In addition, Interstellar’s underlying emotionality is problematic. Cooper’s love for his family, his daughter especially, is his driving force through this intergalactic chaos. Again, Nolan has covered this story before, but he attempts to give it more air than usual. He goes so far as to introduce the concept of love as a scientific variable. At one point, Hathaway’s Dr. Brand explains her motivation for the mission as an extension of love; it’s the point at which audience goodwill may get sucked out of the airlock. It’s a noble and poetic idea, but any scientist caught saying this in reality may find themselves a laughing stock. Next to this, it’s the moments of more recognisable love and humanity that prove most compelling. The remaining Earthlings send one-way video messages to the crew. One particularly spiteful message from Chastain’s Murphy to her long-gone pop threatens the tear ducts. But next to the over-reaching theories of love in the blackness of space, it’s a wonder the film gets near that level of emotionality at all. The Cooper-Murphy story works; there’s just too much else getting in the way.

If the script threatens to derail Interstellar‘s efforts, the technical skill on show elevates it. The special effects are necessarily impressive, but their heft comes from the efforts of cinematographer Hoyte van Hoytema (Tinker Tailor Soldier Spy, Her). Space is none more black, against which the stars dazzle. In one of the most stirring shots of any film this year, the spacecraft carrying our heroes passes by Saturn, a tiny twinkling diamond rapt to the ringed gas giant. The visual thrills of Interstellar demand as big a screen as possible. Mile-high tidal waves, frozen clouds and an explanation-defying climax will stretch the eyelids to bursting point. Nolan elevates theatricality to artistry, delivering money shots worth every penny. As for that climax, the time loop is closed in a baffling sequence that seeks to explain all. Is Nolan being too neat about this? Probably, but you’ll be astonished he even dared to try.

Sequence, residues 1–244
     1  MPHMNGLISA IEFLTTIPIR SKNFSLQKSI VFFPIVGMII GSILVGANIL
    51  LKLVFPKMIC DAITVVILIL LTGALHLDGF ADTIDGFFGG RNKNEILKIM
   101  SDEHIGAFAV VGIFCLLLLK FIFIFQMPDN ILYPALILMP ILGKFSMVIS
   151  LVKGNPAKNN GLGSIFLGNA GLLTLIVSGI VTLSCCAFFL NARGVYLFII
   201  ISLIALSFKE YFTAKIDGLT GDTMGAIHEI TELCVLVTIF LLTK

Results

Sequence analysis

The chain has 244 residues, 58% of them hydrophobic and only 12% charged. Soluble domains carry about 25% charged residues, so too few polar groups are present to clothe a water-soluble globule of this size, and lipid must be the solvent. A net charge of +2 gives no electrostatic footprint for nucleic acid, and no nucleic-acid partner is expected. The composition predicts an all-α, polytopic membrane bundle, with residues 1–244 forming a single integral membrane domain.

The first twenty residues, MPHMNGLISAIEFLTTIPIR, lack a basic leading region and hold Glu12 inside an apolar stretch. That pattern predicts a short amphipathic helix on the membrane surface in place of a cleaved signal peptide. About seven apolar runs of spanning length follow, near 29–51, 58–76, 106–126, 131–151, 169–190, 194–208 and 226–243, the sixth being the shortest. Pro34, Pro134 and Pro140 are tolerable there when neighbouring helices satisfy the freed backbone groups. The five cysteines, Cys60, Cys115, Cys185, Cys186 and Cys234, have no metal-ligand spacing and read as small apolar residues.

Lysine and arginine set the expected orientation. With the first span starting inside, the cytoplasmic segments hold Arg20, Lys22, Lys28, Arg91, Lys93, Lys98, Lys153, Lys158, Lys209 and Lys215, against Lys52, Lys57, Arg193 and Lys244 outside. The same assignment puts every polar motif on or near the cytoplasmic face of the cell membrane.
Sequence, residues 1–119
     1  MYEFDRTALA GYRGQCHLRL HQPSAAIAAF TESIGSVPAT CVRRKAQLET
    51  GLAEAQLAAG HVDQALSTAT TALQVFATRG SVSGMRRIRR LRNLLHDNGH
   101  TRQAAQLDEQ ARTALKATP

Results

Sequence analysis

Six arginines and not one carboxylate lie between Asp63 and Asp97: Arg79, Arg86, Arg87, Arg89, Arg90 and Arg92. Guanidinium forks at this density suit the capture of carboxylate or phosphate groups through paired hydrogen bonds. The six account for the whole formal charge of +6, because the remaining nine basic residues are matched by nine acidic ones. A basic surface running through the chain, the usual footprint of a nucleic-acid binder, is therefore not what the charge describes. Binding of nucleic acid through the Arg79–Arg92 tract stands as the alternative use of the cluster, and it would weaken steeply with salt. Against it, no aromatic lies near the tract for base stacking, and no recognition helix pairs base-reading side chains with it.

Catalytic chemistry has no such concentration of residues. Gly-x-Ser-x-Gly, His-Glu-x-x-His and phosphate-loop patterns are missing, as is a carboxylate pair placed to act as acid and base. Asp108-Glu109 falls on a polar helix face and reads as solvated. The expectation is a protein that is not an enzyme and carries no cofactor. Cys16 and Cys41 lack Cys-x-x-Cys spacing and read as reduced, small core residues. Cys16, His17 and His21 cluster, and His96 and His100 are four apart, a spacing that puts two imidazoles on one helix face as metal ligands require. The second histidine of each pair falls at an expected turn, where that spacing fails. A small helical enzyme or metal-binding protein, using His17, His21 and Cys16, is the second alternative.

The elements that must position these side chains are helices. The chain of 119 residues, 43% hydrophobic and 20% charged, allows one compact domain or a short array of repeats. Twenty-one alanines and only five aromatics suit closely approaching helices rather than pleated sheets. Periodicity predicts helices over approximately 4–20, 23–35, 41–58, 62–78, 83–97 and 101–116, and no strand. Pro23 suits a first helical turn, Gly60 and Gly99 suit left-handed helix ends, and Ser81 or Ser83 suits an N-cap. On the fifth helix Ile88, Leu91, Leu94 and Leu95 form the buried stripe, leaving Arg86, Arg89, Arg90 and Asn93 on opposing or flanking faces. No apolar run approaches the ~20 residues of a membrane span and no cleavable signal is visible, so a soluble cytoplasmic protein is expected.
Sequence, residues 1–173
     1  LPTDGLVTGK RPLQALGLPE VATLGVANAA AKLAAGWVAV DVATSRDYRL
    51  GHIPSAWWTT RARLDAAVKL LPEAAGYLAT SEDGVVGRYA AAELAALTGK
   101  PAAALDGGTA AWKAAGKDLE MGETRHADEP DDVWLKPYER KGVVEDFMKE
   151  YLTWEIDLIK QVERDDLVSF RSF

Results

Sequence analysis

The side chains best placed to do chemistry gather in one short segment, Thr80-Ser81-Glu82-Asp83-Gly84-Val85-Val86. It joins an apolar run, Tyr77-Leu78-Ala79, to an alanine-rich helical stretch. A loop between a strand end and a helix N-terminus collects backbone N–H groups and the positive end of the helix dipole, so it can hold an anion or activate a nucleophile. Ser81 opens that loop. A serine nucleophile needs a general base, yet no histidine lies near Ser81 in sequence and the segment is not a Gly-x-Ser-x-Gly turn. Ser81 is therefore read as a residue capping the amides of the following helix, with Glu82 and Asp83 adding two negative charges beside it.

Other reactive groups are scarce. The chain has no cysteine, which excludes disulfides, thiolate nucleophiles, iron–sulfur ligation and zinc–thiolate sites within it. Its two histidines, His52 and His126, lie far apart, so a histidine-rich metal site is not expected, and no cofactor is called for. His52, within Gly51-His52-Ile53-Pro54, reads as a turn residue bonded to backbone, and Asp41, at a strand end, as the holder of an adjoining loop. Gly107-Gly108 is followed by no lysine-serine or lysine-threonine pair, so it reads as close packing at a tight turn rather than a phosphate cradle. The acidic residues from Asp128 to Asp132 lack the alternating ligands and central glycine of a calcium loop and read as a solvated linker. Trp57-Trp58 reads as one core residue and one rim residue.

To date, the films of Christopher Nolan have been accused of lacking in emotional resonance. With Insterstellar, he tries too hard to redress the balance, taking too long and too many liberties to make his point. Interstellar gets to its intended destination, somewhere under a Saturnine ring, but was the scenic route really necessary? Caine’s Prof. Brand quotes Dylan Thomas upon blast-off, “Rage, rage against the dying of the light.” Nolan has raged and rallied against mainstream complacency in his oeuvre, but now might be a good time for him to calm down and come back down to Earth.